Why I built a camera rig for YouTube

Why I built a camera rig for YouTube

For the longest time I considered myself a “run and gun” video shooter. Most of my videography was focused on Travel or Kiting, so I was filming in remote locations with light minimal gear. I didn’t want gimbals, and I didn’t want to carry tripods, and I avoided anything that could potentially complicate things and ruin a shot.

As I started to shoot more YouTube videos, talking head A-roll shots became more and more important. I made the initial mistake of assuming A-roll would be easier to shoot because it’s a static shot, but it actually turns out to be more complicated. One reason is that you’re not actually behind the camera, so you need a way to frame the shot, set focus, hit record from in front of the camera.

This extra complexity lead to me making mistakes and loosing footage, which is basically the most painful thing you can experience as a video shooter. I’d be in a rush, and I’d miss that my particular shot wasn’t in focus. I’d accidentally set the audio levels too high, or forget to do a custom white balance.

To streamline the checklist of things I needed to do, and to make it all accessible from in front of the camera, i realized I needed more accessories on my camera, and I needed a rig to make it all portable.

Here was my thought process for building that rig:


Panasonic batteries are definitely not the worst batteries out there. One DMW-BLF19 battery usually has no problem lasting the duration of my average A-roll shoot. The issue is me, I don’t consistently remember to charge up all my batteries.

That’s where having an oversized power bank, or the ability to plug into a wall really changes things. I didn’t want to use vmount batteries for two reasons 1) they are a funky shape that doesn’t travel well 2) I often carry a power bank for powering my laptop, and that's a better form factor.

So ultimately I ended up choosing this Anker powerbank because it could power everything else I attached to the rig, plus the camera.


The LCD on the Panasonic GH5 is decent, and it rotates to be viewed from the front. The issue is that it's a pretty small screen, so once you get more than a few feet a way, it becomes very hard to check focus.

The natural solution would be an external monitor, but most of those come in 5inch or 7inch sizes, which still don’t give you much range from the camera. I also didn’t want to have to carry another piece of gear, ideally I could use a screen that I have with me all the time, and iPhone, iPad, or laptop.

Enter the Accssoon Nano. This device lets you broadcast the image wirelessly from your camera to an 4 iOS or Android devices. Since I’m mostly shooting footage of me standing still, latency didn’t really matter.


Now that I could see my image, and tell that I wasn’t in focus, I needed a way to focus. The Accssoon Nano monitor only passes an image to a device like and iPad, it doesn’t let you set focus or push record, so I was stuck.

For a while I just struggled. I tried to put something where my head would be and focus on that. Mistakes were made, shots were ruined.

Then I came across this video that proposed the simplest solution ever (can’t believe I didn’t think about it). A remote shutter device. This small device solved both problems, I could set focus with a half shutter price, and start recording with a full shutter press from a good distance away from the camera.


As a solo shooter, you’re doing everything yourself, and it’s a lot of simple small things to remember. Audio always seems to be where I drop the ball, I primarily use the DJI Wireless Mic (which is really good), but I need something a bit more fail proof. I’ve had situations where I get real excited and speak louder than anticipated and improperly set the gain levels, and end up running the audio.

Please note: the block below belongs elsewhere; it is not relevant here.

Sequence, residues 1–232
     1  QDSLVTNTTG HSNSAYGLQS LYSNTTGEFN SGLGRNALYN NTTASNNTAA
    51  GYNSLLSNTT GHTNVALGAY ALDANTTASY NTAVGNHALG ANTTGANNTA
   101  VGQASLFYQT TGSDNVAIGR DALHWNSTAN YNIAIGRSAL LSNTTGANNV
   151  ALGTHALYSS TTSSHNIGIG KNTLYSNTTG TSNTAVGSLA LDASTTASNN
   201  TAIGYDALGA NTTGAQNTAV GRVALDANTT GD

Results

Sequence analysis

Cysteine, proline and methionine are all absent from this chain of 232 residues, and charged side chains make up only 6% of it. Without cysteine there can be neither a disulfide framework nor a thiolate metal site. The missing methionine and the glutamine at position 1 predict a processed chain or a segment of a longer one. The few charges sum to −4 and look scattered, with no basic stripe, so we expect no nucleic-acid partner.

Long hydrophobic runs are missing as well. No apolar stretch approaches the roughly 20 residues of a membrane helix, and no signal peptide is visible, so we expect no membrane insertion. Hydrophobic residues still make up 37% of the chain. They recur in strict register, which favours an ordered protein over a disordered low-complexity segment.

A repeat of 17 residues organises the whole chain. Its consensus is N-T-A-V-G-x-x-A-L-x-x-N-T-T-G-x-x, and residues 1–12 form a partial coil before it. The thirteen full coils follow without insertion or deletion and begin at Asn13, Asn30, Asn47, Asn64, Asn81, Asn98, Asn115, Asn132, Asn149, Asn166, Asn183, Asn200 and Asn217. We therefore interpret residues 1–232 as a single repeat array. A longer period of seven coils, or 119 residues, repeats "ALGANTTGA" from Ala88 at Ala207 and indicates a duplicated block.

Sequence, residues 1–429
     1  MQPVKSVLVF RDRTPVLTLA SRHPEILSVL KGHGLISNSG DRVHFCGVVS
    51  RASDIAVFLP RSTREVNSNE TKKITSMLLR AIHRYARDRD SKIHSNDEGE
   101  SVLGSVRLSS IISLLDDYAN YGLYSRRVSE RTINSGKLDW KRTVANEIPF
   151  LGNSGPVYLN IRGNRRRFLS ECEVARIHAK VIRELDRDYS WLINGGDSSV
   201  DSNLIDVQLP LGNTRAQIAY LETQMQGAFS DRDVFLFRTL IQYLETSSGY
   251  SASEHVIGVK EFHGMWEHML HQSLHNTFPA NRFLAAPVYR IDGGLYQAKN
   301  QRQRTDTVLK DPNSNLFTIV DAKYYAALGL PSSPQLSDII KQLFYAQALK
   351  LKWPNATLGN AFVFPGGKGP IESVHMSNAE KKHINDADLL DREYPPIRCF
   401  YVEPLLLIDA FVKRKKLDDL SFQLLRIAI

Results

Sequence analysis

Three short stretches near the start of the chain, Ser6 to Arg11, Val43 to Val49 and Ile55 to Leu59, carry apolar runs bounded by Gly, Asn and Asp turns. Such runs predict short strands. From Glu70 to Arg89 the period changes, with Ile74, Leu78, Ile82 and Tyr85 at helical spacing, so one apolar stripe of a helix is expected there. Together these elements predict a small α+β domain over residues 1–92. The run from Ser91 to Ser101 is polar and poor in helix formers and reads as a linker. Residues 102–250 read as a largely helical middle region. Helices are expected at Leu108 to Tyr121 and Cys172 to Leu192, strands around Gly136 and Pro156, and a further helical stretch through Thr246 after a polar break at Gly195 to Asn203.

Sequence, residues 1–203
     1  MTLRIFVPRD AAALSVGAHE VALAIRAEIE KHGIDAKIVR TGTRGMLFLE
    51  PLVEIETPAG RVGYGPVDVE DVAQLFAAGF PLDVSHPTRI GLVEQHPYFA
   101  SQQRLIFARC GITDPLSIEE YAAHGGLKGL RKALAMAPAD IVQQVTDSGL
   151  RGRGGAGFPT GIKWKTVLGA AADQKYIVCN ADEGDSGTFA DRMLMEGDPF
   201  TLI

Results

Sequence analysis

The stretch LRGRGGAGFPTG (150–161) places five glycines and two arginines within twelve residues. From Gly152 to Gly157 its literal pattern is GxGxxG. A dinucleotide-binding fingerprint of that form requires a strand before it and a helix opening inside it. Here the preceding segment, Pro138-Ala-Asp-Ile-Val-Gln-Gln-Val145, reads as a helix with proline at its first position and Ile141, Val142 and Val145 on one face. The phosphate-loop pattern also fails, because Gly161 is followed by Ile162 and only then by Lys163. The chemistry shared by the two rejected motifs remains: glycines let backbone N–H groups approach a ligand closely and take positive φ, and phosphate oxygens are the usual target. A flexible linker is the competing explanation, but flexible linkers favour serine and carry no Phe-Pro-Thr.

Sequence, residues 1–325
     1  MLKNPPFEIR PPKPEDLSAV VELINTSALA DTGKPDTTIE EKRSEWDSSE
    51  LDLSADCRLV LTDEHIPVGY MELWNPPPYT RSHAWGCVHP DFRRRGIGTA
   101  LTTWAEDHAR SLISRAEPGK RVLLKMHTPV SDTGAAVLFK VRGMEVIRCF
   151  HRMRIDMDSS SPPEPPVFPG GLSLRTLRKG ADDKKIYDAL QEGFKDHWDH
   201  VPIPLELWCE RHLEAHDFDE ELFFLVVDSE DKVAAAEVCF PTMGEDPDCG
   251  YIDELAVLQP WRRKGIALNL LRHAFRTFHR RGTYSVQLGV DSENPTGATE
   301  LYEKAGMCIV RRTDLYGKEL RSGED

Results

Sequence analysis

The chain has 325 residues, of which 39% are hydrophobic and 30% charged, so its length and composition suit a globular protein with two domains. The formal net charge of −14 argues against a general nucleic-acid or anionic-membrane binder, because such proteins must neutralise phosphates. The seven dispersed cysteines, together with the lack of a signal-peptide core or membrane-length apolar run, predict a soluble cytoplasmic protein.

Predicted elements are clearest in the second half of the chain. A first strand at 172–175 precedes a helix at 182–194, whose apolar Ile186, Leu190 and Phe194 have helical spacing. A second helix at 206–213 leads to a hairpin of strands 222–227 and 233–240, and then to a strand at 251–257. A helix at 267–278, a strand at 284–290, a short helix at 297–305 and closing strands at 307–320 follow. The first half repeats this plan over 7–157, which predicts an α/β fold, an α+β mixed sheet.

I tried looking for 32-bit recorders so that I could not have to think about setting gain correctly… but there were no good options out at the time. I tried the Zoom f2, but it had a bad UI and horrible build quality.

Where I landed was using the DJI wireless mic setup, and then a splitter to allow me to record a backup track with a shotgun microphone. I got the idea from this old Caleb Pike video:

Portability / Setup time

Last, I didn’t want this whole setup to fixed in one place with no ability to move it. I’d like to be able to move it from my desk to other locations where I commonly shoot. Enter the Manfrotto RC2 quick release plates. I’ve got the baseplates on my tripods and desk mounted light stands. If I use these for the rig itself, the whole setup will be quick to move and quick to mount.

The Rig

Fair warning, I know this thing looks ridiculous. It doesn’t look professional, and it certainly doesn’t look cool, but it gets the job done.

I ruled out using a cage on my camera because I love the way the camera feels in my hand when I’m shooting outside of my YouTube studio. The cage makes the camera less ergonomic, and it’ll probably rust given how much I’m filming while in or around salt water kitesurfing.

That left me wanting to use rails and base plate that could take an RC2 quick release plate. This allowed me to snap the camera into the rig, and quickly retrieve if if I wanted to shoot handheld again. On the rails I used a large baseplate that I could position behind the camera and attach all the accessories to ( Accssoon, Battery, Remote Shutter Trigger, etc)

Here’s the parts list:

So far I’m happy with the setup. It’s freeing up my mind from having to think about a lot of tiny little details that I could miss, and allowing me to focus more on the being on camera and the talking. In an ideal world, I’d like to reduce the amount of comments on the right to reduce the clutter and complexity of the rats nest. A newer camera with a more modern ios app would help get rid of components like the remote shutter trigger.